Yellowstone National Park will open its Montana entrances on Monday, June 1 at 10 a.m. The Montana entrances include West Entrance (near West Yellowstone), North Entrance (near Gardiner), and Northeast Entrance (near Cooke City). The opening of Montana’s entrances coincides with the Governor’s lifting of out-of-state travel restrictions and will provide visitor access to all five entrances of Yellowstone National Park (the Wyoming entrances opened on May 18).
“I appreciate the partnership with Governor Bullock, his team, and our surrounding counties and communities. We will continue working closely together as we progress through this reopening sequence.”
– Superintendent Cam Sholly
The entire Grand Loop Road will be accessible for day use, excluding the segment between Canyon and Tower, which is closed for road construction (see map below).
On June 1, in line with the park’s three-phased reopening plan, visitors will be able to access Phase 1 services/facilities (including restrooms, self-service gas stations, trails/boardwalks, limited stores, entrance stations, medical clinics, approved tours) and a few services/facilities as outlined in Phase 2 (including takeout food service, boating, and fishing). The park will remain day-use only. Limited overnight accommodations will begin reopening later in June. Campgrounds, visitor centers, and other facilities are still closed until health conditions allow for reopening.
“Yellowstone National Park is an incredible place for Americans to enjoy the great outdoors, and the American people having access to their public lands is now more important than ever. The park entrances in Wyoming opened about two weeks ago, so it’s great that we’ve been able to work with the Governor of Montana to safely restore access to the remaining entrances.”
– U.S. Secretary of the Interior David L. Bernhardt
Increasing Mitigation Efforts
The park has implemented significant mitigation efforts including providing additional protective barriers where needed, encouraging the use of masks or facial coverings in high-density areas, metering visitor access in certain locations, increasing cleaning frequency of facilities, adding signage on boardwalks and other public spaces, and messaging to visitors through a variety of methods. Substantial investments have been made in mitigation measures by the park’s business partners including Xanterra, Delaware North, Yellowstone Park Service Stations, Medcor, and Yellowstone Forever. To date, the park has also approved 126 commercial use authorizations (CUAs) for local businesses to operate inside the park after reviewing individual COVID-19 mitigation plans submitted by each company.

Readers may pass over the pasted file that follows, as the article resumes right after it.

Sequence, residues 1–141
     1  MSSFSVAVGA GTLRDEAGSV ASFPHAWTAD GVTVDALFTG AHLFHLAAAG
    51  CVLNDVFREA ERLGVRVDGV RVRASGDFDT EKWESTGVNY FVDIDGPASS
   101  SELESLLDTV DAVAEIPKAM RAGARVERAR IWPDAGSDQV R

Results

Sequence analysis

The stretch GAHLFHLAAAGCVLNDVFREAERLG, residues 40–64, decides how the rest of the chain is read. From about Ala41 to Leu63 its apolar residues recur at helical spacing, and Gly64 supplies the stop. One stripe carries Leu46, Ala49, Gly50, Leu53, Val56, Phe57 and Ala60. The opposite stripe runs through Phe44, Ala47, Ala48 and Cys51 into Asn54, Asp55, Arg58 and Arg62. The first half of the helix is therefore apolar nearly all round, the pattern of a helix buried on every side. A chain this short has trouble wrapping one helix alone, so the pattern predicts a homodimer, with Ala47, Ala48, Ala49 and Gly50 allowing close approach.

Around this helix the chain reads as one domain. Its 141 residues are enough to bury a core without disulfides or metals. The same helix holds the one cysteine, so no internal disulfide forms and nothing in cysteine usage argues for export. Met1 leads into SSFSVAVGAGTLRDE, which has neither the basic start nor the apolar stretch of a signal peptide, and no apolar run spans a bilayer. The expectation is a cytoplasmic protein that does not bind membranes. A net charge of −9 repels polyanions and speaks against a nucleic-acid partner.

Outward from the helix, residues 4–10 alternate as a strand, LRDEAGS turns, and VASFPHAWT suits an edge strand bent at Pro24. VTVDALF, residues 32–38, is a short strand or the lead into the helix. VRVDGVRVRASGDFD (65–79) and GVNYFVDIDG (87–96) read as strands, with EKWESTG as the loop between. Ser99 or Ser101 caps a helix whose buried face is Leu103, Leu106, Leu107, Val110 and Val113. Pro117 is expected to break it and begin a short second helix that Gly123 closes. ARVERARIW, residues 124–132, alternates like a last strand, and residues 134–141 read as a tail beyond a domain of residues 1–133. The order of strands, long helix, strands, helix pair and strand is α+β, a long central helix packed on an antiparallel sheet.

Yellowstone is partnering with surrounding states, counties, and businesses (like Medcor, the company that runs the in-park clinics) to increase testing capacity. In addition to building capacity to test people with COVID-19 symptoms, the park has agreed to participate in a COVID-19 surveillance testing pilot project. Park County, Montana health officials have begun testing frontline employees and partners with 50 tests this week (viral, not antibody tests). Surveillance testing helps to identify COVID-19 transmission early and allows mitigation actions to be taken before a widespread outbreak occurs.
Visitors should come prepared and follow all CDC and local health guidance by practicing good hygiene and social distancing. Face coverings are recommended where social distancing is not possible. People who are sick should stay home and not visit the park. The CDC has provided specific guidance on visiting parks and recreational facilities. The National Park Service encourages visitors to #RecreateResponsibly. Photos and posters showing responsible recreation and mitigation measures are available on the park’s Flickr page.
Previously-scheduled road construction projects will continue this summer. Normal annual bear management area closures are in effect. Winter conditions are still possible at this time of year. The park will provide details and updates for operations as they change on www.nps.gov/yell and on the park’s social media channels. Updates about NPS operations will be posted on www.nps.gov/coronavirus.
Yellowstone National Park is an American national park located in the western United States, with parts in Wyoming, Montana, and Idaho. It was established by the U.S. Congress and signed into law by President Ulysses S. Grant on March 1, 1872. Yellowstone was the first national park in the U.S. and is also widely held to be the first national park in the world. The park is known for its wildlife and its many geothermal features, especially Old Faithful geyser, one of its most popular. While it represents many types of biomes, the subalpine forest is the most abundant. It is part of the South Central Rockies forests ecoregion.